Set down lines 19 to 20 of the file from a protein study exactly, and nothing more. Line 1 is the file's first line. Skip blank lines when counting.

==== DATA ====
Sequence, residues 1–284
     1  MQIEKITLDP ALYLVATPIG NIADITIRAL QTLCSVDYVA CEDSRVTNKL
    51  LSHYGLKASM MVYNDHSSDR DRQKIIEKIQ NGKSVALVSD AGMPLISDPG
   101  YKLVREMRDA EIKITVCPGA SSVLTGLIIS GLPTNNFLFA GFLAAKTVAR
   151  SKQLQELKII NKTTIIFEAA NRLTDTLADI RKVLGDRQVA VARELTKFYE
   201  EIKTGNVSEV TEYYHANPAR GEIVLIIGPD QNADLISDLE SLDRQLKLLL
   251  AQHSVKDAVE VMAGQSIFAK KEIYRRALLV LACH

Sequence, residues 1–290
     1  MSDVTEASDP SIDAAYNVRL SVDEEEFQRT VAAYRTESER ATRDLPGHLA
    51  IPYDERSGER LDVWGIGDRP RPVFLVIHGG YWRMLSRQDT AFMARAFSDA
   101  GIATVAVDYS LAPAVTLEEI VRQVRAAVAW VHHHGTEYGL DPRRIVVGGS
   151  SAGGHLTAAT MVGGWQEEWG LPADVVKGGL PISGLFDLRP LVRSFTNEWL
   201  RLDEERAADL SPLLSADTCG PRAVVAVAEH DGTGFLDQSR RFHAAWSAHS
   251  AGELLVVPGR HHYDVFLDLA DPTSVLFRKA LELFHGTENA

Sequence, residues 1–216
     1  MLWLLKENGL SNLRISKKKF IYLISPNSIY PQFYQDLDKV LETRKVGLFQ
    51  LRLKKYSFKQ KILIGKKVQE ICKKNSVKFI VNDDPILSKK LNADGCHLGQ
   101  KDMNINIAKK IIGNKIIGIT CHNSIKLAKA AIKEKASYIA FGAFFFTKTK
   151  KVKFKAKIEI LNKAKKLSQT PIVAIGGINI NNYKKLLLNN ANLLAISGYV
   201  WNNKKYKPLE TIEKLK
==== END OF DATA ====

   151  KVKFKAKIEI LNKAKKLSQT PIVAIGGINI NNYKKLLLNN ANLLAISGYV
   201  WNNKKYKPLE TIEKLK